Playing house was for girls and usually reserved to doll houses or pretend play kitchens. These are my feelings in general as expressed by Calvin. However I did get the first kiss from a girl that I can remember from my neighbor whilst playing house in her basement at the tender age of 4.

Some lucky girls actually had playhouses. They first came in wood and some even had real planter boxes for flowers and shutters on the windows and stuff.

Later they came in plastic.


All members of G.R.O.S.S. (Get Rid Of Slimy Girls)please assemble at the clubhouse. A boy's "playhouse" first off could never be called a play house because "play" is the last thing done there. They are for secret societies and exclusive club serious business only i.e. plotting, scheming, reading comic books, playing cards, and looking at nudie mags hawked from your old man. Secondly there has to be the added sense of danger to it like being put high up in a tree or in a vacant lot, field or by railroad tracks with broken bottles from winos and a no trespassing sign as the surroundings. Okay now you can call it a clubhouse, treehouse, or tree fort.

The gang from the Sandlot had a clubhouse.

In Stand by Me there is a clubhouse.

The Monster Squad meets in a clubhouse.

Bart Simpson has a treehouse.

Even the Goonies meet in the attic (off limits, filled with cool stuff). You pretty much could not call yourself a club or gang without a clubhouse of some kind.

Some kids built their own tree houses others had dads that built them for them. I was always a little leery if it was made by a kid and we were more than 10 feet off the deck. Standard things of course are boards nailed to the tree as a ladder, knotted ropes to climb up, coffee can telephones on strings, passwords, coded knocks, and trap doors.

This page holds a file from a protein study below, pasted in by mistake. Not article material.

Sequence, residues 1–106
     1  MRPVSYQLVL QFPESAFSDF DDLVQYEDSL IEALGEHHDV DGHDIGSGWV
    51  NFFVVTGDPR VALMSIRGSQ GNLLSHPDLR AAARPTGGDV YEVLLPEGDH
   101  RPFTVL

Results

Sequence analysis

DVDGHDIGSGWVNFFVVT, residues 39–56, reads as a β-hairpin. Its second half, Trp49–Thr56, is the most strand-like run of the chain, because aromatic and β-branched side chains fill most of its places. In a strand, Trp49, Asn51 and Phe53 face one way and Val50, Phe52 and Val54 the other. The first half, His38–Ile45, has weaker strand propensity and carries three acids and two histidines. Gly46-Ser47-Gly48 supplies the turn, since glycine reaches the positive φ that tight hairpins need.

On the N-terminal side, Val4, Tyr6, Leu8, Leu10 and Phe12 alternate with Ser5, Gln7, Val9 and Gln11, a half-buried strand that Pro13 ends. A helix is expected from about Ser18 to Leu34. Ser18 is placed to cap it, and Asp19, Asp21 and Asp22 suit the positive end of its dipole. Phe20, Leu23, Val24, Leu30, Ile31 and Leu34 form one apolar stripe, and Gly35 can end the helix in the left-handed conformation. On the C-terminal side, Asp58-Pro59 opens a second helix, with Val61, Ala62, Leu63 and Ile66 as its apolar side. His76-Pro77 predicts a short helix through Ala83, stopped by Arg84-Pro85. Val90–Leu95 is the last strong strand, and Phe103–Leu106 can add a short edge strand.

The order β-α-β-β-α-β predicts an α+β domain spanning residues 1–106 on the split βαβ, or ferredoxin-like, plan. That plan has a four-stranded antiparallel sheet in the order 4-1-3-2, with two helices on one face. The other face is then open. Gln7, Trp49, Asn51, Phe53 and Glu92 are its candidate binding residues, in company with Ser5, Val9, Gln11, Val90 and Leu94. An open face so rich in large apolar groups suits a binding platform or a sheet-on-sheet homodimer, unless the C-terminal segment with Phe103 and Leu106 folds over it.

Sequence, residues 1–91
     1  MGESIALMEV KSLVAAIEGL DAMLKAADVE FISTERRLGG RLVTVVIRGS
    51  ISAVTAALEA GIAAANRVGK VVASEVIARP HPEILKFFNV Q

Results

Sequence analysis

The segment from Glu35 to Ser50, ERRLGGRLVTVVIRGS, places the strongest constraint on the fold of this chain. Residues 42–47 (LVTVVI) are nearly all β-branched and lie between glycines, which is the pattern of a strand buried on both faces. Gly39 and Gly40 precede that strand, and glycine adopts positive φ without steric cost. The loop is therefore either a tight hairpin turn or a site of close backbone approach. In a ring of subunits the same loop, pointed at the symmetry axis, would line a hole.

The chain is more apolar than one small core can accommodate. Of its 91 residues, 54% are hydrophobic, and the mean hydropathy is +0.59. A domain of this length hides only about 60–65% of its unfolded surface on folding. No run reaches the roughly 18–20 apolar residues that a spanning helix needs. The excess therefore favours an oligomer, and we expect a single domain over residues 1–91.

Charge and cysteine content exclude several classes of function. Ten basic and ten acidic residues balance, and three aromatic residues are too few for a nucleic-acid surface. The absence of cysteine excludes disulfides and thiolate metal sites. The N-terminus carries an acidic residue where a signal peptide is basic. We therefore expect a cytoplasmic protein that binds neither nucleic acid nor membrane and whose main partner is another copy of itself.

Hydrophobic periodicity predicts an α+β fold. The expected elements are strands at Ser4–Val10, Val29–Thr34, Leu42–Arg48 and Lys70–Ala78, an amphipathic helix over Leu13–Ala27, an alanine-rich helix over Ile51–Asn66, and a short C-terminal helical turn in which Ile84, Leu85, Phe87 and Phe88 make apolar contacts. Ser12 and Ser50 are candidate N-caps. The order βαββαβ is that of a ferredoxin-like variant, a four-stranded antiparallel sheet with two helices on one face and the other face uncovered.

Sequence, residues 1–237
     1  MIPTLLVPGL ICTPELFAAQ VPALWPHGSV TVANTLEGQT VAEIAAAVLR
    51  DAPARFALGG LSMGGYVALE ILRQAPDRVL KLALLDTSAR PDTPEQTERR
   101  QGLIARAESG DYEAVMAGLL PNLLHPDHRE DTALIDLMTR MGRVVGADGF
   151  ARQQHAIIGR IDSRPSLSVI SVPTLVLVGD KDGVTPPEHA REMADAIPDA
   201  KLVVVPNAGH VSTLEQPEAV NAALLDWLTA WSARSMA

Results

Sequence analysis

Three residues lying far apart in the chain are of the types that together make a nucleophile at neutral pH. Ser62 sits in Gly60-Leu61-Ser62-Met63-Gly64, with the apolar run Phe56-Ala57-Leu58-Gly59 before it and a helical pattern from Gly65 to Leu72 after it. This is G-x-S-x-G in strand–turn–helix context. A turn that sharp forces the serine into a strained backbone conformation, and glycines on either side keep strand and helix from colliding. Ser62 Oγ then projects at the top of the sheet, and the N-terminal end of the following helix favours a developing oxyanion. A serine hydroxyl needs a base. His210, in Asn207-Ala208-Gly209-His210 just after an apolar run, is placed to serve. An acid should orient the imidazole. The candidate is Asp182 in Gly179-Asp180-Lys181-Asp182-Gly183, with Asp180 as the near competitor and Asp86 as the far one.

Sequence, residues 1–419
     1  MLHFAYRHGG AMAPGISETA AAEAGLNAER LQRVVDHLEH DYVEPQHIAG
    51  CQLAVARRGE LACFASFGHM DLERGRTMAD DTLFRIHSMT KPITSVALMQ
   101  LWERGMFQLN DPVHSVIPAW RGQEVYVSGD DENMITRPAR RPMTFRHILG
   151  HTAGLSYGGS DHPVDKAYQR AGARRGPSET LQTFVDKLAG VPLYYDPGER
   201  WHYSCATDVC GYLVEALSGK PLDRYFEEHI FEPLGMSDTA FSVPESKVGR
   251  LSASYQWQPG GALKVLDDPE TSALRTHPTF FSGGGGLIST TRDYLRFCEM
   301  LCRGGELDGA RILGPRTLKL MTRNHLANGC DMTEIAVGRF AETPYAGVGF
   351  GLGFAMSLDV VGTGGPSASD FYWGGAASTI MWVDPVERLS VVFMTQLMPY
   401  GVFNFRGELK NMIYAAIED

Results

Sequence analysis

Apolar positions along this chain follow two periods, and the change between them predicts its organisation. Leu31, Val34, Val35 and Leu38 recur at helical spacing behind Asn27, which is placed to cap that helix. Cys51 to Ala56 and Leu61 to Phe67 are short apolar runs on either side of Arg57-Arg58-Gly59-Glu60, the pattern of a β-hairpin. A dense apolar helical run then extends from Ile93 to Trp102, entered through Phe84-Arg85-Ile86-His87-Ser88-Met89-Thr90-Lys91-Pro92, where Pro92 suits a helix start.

My dad used to tell us of this one multilevel treehouse from when he was a kid. You see this carpenter's kid was playing in the rail yard and got stuck under a moving train car and had his legs severed. He was saved by the only conductor or engineer not wearing coveralls by applying a tourniquet with a belt he was wearing. After that the dad never wanted his kids to leave the yard again so he built this spectacular treehouse with swinging foot bridges, climbing ropes, platforms, and even a zip line to the garage from the highest level. There was even a dumbwaiter style elevator to get the crippled kid up there and all the ramps were wide enough for the wheelchair. My dad played pirates etc. for hours there and every year some kid named Stanley fell out of it and broke an arm.

Well that is enough reminiscing for today. I'm off to read some Calvin and Hobbes in a couch fort with a flashlight while eating cookies and chips. Until Next time!